Time series

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Editor-In-Chief: C. Michael Gibson, M.S., M.D. [1]


In statistics, signal processing, and many other fields, a time series is a sequence of data points, measured typically at successive times, spaced at (often uniform) time intervals. Time series analysis comprises methods that attempt to understand such time series, often either to understand the underlying context of the data points (where did they come from? what generated them?), or to make forecasts (predictions). Time series forecasting is the use of a model to forecast future events based on known past events: to forecast future data points before they are measured. A standard example in econometrics is the opening price of a share of stock based on its past performance.

The term time series analysis is used to distinguish a problem, firstly from more ordinary data analysis problems (where there is no natural ordering of the context of individual observations), and secondly from spatial data analysis where there is a context that observations (often) relate to geographical locations. There are additional possibilities in the form of space-time models (often called spatial-temporal analysis). A time series model will generally reflect the fact that observations close together in time will be more closely related than observations further apart. In addition, time series models will often make use of the natural one-way ordering of time so that values in a series for a given time will be expressed as deriving in some way from past values, rather than from future values (see time-reversibility.)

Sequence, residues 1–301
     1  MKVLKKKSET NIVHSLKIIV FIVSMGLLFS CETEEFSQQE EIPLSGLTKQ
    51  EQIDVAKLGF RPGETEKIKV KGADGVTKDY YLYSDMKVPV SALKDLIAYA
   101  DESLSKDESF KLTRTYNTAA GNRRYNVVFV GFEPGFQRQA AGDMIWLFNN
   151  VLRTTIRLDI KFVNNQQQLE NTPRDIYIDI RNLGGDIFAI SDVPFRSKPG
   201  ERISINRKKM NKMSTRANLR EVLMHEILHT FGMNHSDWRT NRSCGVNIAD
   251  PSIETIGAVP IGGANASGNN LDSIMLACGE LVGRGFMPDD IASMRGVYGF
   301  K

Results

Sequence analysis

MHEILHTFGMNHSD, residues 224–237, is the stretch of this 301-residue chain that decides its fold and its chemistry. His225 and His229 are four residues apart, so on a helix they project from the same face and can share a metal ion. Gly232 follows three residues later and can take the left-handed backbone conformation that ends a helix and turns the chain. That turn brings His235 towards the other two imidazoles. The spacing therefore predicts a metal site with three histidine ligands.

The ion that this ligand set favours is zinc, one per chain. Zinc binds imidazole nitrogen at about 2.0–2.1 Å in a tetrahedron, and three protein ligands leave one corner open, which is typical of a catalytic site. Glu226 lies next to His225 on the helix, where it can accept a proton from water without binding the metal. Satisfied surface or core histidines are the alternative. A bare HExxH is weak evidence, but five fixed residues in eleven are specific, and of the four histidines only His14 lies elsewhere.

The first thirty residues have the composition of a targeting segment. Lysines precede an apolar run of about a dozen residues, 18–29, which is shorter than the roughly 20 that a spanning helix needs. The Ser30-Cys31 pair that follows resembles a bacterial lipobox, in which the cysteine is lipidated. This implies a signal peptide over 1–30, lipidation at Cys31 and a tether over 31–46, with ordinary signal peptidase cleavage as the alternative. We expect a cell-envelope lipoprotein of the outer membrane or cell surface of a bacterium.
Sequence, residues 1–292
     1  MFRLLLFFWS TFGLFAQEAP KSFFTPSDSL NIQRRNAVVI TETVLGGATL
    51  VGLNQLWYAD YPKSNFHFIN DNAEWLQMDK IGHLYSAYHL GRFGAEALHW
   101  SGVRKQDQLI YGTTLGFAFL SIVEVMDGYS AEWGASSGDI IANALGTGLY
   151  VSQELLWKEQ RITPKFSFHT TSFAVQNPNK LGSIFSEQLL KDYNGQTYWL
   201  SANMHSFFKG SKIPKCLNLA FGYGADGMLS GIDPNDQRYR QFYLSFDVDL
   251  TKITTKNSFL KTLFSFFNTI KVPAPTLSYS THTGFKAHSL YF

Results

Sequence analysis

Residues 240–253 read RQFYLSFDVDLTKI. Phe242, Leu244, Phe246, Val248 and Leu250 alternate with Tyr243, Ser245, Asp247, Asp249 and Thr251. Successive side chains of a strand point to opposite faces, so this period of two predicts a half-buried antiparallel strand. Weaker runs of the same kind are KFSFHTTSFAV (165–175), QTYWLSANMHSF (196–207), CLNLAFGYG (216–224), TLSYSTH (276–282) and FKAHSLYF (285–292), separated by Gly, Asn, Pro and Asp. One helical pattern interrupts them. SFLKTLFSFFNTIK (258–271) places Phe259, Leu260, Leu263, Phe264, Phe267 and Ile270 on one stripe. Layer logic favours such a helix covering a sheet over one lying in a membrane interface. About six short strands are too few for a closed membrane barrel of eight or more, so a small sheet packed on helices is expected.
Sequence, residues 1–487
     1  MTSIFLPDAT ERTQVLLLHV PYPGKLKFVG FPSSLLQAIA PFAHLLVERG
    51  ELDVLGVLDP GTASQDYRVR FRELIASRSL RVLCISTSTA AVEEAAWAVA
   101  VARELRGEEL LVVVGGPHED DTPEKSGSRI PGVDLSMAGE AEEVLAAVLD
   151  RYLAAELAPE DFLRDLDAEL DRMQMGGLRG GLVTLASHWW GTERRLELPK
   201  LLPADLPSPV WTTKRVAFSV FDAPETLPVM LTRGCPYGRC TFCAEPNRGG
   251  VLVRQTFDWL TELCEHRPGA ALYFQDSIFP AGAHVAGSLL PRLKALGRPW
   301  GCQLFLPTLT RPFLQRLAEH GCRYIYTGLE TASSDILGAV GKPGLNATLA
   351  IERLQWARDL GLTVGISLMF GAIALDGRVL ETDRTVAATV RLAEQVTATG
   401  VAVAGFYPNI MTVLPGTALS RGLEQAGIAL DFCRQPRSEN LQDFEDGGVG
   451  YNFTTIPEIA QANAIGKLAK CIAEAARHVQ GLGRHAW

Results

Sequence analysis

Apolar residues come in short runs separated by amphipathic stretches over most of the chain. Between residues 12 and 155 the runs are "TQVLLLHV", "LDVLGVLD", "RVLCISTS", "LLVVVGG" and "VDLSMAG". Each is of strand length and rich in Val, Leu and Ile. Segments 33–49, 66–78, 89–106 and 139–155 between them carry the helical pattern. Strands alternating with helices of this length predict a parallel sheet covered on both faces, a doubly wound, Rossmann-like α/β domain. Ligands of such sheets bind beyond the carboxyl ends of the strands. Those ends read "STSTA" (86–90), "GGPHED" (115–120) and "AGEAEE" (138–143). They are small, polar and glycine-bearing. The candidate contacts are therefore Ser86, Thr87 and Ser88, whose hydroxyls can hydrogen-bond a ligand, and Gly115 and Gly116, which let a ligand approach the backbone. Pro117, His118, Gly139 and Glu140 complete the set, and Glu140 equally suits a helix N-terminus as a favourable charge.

Methods for time series analyses are often divided into two classes: frequency-domain methods and time-domain methods. The former centre around spectral analysis and recently wavelet analysis, and can be regarded as model-free analyses well-suited to exploratory investigations. Time-domain methods have a model-free subset consisting of the examination of auto-correlation and cross-correlation analysis, but it is here that partly and fully-specified time series models make their appearance.

Time Series Analyses

There are several types of data analysis available for time series which are appropriate for different purposes.

General Exploration

  • Graphical examination of data series
  • Autocorrelation analysis to examine serial dependence
  • Spectral analysis to examine cyclic behaviour which need not be related to seasonality

Description